Preparing for graduate school and the competitive field of museum curatorship means that Rachel needed to dive in head-first on activities and internships, in order to learn as much as she possibly can.
As a student Ambassador for the College, Rachel works with the Walter Center for Career Achievement and frequently shares her story with prospective students and their families, introducing them to the vast range of studies and activities ongoing in the College.
“What I love most about being an Ambassador is remembering being in those high school juniors and seniors’ shoes – it’s kind of rocky footing,” Rachel said. “You don’t really know what you want to do yet. I’m able to help some students and tell them, ‘It’s all going to be okay, you’re going to figure this out while you have great people here with you to support you doing that. You won’t have to do this on your own!’”
When she isn’t helping prospective students, Rachel is busy with internships with direct links to the curatorial career she wants.
Interning at the Monroe County History Center gave her an intro to curatorship and even led her to another internship opportunity. At the Center, Rachel worked on an exhibit about Title IX during the summer, and a peer told her about a chance to work with artifacts excavated from the Angel Mounds in Evansville, Indiana. At the end of the summer, one of her advisors sent an email inviting students to apply for that same internship and Rachel applied the same day.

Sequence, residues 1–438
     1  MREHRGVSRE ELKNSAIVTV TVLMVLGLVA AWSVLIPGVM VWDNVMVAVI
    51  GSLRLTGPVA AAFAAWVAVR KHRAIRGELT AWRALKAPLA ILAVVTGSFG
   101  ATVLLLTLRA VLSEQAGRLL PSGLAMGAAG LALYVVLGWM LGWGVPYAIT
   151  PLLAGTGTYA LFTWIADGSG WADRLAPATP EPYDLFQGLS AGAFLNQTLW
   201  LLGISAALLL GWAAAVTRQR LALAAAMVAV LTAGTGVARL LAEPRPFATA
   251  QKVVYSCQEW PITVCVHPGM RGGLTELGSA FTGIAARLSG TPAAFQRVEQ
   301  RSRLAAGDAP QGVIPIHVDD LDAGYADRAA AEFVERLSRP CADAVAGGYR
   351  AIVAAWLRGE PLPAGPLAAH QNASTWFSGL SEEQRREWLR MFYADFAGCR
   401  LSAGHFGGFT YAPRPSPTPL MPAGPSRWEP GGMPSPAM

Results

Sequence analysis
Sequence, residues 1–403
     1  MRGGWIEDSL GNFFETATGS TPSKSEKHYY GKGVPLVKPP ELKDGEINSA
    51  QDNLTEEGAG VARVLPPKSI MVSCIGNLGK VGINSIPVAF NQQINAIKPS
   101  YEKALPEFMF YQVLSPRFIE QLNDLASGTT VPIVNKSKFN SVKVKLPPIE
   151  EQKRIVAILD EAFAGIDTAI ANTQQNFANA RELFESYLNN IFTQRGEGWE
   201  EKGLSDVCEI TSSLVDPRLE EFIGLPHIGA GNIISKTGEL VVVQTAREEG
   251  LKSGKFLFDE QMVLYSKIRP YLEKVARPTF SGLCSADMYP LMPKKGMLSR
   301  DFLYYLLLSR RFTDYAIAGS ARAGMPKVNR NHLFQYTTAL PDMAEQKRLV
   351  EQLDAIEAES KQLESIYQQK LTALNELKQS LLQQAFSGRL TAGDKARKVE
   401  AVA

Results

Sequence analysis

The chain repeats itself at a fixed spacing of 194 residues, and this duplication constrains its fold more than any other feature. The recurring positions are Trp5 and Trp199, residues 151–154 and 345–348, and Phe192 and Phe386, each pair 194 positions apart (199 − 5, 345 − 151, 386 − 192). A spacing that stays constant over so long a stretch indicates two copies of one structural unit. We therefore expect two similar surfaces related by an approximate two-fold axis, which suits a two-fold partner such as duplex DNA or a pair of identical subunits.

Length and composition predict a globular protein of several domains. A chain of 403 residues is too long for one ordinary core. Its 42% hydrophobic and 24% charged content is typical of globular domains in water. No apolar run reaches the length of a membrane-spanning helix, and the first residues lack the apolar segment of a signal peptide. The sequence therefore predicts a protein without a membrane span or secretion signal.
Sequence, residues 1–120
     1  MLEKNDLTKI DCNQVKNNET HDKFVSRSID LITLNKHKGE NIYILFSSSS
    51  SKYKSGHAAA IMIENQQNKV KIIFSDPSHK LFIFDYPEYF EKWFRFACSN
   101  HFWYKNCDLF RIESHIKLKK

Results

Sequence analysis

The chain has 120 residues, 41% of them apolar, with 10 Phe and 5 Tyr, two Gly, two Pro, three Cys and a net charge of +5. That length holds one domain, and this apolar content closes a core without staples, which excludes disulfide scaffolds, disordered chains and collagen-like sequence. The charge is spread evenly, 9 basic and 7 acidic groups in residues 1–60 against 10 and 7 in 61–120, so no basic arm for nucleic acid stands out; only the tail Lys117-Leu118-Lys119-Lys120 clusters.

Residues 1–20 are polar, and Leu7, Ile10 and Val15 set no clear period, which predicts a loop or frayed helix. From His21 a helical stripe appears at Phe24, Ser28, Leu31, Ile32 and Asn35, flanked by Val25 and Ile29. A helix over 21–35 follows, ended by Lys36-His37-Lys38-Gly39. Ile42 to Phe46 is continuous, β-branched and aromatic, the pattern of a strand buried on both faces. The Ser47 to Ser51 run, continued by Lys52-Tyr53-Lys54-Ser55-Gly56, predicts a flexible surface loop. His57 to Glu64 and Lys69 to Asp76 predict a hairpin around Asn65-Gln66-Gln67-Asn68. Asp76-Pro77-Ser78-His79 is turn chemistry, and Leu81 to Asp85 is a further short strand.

That fall, she began her internship at the IU Museum of Archaeology and Anthropology and began working through the collections of Glenn A. Black, a Hoosier archaeologist and the first to excavate the world-famous Angel Mounds after the land was bought and protected by the Indiana Historical Society. Many of the artifacts Black and his crew collected weren’t systematically examined and sorted until now, and museum professionals and interns like Rachel are leading the charge.
“What the museum is doing,” explained Rachel, “is rehousing artifacts. They’re moving them from the original cardboard boxes and brown paper bags from 80-plus years ago and putting them into safe, plastic, museum-grade boxes and bags.” Rachel is working on lithics, which covers a wide category of chipped stone artifacts.
Rachel will open the box or bag, empty it, weigh and sort the contents, and then put the items into safer storage. In a given day, she’ll find ground stone, chip stone, bone, ceramics, fossils, and ochre.
“As someone who hasn’t taken any archaeology classes, being able to work in a lab setting, looking for these kinds of materials, understanding their significance at this thousands-of-years-old site – it’s humbling as much as it is enlightening,” she said.
As Rachel begins looking at graduate schools, she’ll have plenty of hands-on experience in exhibit creation and materials-handling to give her confidence as she becomes a museum professional.